Center tuning delivers unbelievable SPL.  The other advantage, is you can tune the ports differently on each side of the enclosure.

Sounds below the 400hz range do not require a left, and right channel, simply because the human ear can't distinguish which side the sound is coming from.  Therefore, designs have lead to both audo channels being led into one speaker (dual wound voice coils), or simply placing two speakers into a bass enclosure.  This is also why all surround sound systems today only have one subwoofer for bass.

For many years now, bandpass enclosures have been quite popular both for their aesthetics and performance. A properly designed, constructed and implemented bandpass enclosure can and often will out-perform the same driver or drivers in a more conventional sealed or ported design in terms of sheer output and/or low-frequency extension. A bandpass alignment also allows the installer to funnel a potentially large amount of low-frequency energy into the vehicle's cabin through a relatively small opening. This can be particularly useful in some vehicles such as European sedans whose tank-like construction does not facilitate a satisfactory transfer of low-frequency energy from the trunk into the cabin.

Cubic foot for cubic foot a single reflex-bandpass, characterized by a sealed "rear" chamber(s) and ported "front" chamber(s), typically offer better transient response and low frequency extension than will its more elaborate cousins. In addition, while still a fairly difficult system to construct properly, single-reflex designs are a bit more forgiving of minor errors in calculation and assembly when compared to more sophisticated bandpass types. All things considered, we have found that single-reflex designs offer the best combination of reasonable enclosure size, good transient response and predictable behavior.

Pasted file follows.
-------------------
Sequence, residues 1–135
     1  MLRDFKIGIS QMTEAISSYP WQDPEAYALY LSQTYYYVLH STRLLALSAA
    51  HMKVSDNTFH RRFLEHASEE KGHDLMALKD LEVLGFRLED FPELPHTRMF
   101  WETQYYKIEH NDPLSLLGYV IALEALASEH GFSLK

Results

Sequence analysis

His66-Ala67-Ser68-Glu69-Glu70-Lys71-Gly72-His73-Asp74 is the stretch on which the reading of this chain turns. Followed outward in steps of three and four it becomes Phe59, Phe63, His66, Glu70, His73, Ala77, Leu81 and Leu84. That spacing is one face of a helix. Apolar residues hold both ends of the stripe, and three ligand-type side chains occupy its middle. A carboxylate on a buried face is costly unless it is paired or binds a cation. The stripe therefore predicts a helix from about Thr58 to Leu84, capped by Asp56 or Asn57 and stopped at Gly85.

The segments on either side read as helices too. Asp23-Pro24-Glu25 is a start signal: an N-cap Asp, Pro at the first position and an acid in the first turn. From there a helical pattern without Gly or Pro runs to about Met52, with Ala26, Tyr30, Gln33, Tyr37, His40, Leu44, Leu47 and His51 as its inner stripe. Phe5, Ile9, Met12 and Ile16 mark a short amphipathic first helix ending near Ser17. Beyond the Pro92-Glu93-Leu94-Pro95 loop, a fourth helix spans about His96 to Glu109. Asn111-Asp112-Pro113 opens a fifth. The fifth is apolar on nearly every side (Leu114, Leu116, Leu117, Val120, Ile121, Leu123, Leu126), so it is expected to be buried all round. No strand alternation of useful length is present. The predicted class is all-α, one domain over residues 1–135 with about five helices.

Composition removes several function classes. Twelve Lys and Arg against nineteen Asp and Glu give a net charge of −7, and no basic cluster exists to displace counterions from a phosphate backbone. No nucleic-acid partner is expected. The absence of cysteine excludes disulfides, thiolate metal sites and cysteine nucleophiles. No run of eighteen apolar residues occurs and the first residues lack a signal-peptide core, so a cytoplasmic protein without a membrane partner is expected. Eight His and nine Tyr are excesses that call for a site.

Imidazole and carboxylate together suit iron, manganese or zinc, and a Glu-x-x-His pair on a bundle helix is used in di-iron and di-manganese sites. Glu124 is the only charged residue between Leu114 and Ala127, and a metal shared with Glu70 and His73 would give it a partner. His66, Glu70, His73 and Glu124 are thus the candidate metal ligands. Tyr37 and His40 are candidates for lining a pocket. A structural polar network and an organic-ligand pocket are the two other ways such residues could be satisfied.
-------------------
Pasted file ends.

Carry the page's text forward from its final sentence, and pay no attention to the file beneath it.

So how do they work?

A bandpass enclosure is, by definition, simply a sealed enclosure with an acoustical filter in front of it that serves to limit the upper-end of the driver's frequency response. This natural limiting of the high-frequency response of the system makes the selection of mid-bass drivers critical. If your vehicle cannot fit larger midbass drivers (such as a 6 1/2" or larger) then a bandpass enclosure is probably not the best choice for you. Using a bandpass enclosure with insufficient mid-bass reinforcement will lead to sluggish, sloppy, muddy, impact-less low frequency response. In short--it will sound like a soggy pancake hitting a cardboard box.

Once adequate mid-bass reinforcement has been selected to complement the sub-system it will be necessary to add additional electronic filtering to further limit the upper frequency output of the enclosure. Contrary to popular belief, a bandpass enclosure (of any type--single reflex, dual reflex, series-tuned, etc.) does require the use of an electronic crossover to achieve optimum performance since the acoustical low-pass filter is not a very effective filter. What proponents of "crossover-less" bandpass enclosures neglect is that there is a considerable amount of high frequency output (called "out-of-band noise") that can get to be quite annoying. It is for this reason that all bandpass enclsoures be supplemented with an electronic crossover, or, and amplifier that has biult in frequency cut-offs at the mid bass range (to 450hz).

Please go to:

This will explain the above, plus symetrics and terminalogy, and more on what they do, and how they work.